The problem with layers of bullshit, however, is that there is point where you will face problems that are so obvious that you cannot lie or deflect anymore. You can put 1,000 pajeets into an office building in Pune to watch video feeds in order to cover up that your shitty A.I. only has an accuracy of 30%, as opposed to 95%, as was claimed — these numbers are from the article. However, there is a limit to how much you can scale this approach. If Amazon wanted to increase the number of stores, the number of pajeets they use for video analysis purposes would also have to increase. Before you know it, you would need to use half a million pajeets to watch what some American shoppers put in their shopping car.

Reading between the lines, I wonder if the aforementioned Amazon A.I. project collapsed precisely because some VP wanted to expand it. After all, it was working so well in a small number of stores, so why not go nation-wide? At this point, he may have been informed that, “Sir, there may be some aspects of our A.I. that we should perhaps explain.” Obviously, this is speculation, but it is quite obvious that deception at such a scale is only possible if there are deep cultural problems, and based on my experience working with Indians, it is simply a plausible hypothesis that Amazon became the victim of the pajeetification of its workforce. I am sure that we will see a lot more of this in the future.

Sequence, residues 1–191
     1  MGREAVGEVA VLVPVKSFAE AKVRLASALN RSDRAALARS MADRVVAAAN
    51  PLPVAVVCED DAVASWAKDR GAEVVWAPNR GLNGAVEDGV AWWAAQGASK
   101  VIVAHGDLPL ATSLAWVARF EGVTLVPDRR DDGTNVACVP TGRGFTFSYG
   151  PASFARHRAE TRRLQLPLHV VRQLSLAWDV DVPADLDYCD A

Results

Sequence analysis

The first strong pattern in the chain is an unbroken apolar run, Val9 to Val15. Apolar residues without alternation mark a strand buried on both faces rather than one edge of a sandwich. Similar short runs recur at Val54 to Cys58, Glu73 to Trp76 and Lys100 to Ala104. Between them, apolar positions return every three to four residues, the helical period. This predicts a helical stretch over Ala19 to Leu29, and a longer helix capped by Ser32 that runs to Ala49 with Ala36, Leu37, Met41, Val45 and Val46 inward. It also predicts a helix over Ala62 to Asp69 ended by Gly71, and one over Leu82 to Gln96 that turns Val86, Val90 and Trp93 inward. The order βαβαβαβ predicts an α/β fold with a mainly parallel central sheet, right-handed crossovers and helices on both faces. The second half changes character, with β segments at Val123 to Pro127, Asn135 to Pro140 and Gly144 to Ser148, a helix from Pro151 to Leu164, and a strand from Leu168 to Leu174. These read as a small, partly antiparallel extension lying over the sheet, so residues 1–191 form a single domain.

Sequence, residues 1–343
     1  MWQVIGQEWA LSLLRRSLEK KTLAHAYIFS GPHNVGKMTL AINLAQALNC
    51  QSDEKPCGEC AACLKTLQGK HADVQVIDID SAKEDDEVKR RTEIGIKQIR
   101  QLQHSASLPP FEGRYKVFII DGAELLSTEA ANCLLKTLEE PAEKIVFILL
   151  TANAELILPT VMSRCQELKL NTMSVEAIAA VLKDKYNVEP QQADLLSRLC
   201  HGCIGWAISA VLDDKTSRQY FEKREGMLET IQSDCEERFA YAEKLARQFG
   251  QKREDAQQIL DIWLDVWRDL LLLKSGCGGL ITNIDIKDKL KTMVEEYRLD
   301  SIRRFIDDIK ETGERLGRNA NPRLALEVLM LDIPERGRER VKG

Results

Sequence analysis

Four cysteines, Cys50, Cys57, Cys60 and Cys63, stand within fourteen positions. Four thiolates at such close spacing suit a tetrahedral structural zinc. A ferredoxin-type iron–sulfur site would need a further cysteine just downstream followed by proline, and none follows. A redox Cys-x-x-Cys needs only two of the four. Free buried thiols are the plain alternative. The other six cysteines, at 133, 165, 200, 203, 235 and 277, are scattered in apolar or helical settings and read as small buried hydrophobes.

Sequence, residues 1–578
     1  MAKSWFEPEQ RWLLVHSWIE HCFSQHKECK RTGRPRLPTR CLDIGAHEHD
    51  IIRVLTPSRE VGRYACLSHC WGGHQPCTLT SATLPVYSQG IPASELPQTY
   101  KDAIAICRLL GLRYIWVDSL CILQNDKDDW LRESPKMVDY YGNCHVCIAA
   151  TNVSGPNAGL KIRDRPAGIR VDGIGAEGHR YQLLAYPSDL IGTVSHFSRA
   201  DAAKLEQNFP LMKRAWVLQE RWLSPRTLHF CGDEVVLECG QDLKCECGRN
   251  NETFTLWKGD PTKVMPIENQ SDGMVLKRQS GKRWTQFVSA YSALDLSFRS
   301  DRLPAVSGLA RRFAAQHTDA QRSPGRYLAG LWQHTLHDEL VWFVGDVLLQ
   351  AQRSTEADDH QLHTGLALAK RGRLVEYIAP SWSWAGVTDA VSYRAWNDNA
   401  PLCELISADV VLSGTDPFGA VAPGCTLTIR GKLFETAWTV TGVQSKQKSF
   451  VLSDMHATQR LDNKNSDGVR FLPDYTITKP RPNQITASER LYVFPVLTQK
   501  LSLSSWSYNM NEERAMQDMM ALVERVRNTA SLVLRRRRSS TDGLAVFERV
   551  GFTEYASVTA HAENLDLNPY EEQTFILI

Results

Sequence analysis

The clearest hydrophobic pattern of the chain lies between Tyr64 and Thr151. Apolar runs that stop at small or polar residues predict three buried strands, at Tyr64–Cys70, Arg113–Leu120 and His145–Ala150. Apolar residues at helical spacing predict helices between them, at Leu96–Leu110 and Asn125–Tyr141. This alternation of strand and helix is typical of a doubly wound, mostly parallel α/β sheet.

3 thoughts on “Amazon’s Just-Walk-Out Deception is a Glimpse at Our Indian A.I. Future

  1. Stories like these are quite amusing in a tragicomedy sort of way.

    It wouldn’t surprise me if they were sweetening the deal for Amazon by deliberately charging people for things they didn’t buy, or overcharging them for items they did pick up by putting them through as a more expensive brand of the same item. There’s a good chance that if people did not check their receipt at the time of purchase, they wouldn’t have realized they were overcharged and just let it slide.

  2. Aaron,
    Did you ever have any pajeet coworkers who wanted you to try their homemade food their wife made? I can imagine getting food poisoning, or landing at the E.R cause Rajesh did not wash his hands or maybe he added cow dung to his cuisine to give it a little spice to it.

    1. This actually happens from time to time. Some of my Arab colleagues also do it. Of course, as I do intermittent fasting and also really have to watch my weight — I happen to gain weight very easily, or so I tell them — I unfortunately have to decline their kind offer. Pastries from Turkey seems to be even worse than Indian food. The sugar content is probably in the high 90s. Those people can also be really insistent, so I tell them that I have to avoid sugar. They probably think I am a diabetic. As plenty of our Indian colleagues are diabetic, this is not at all out of the ordinary.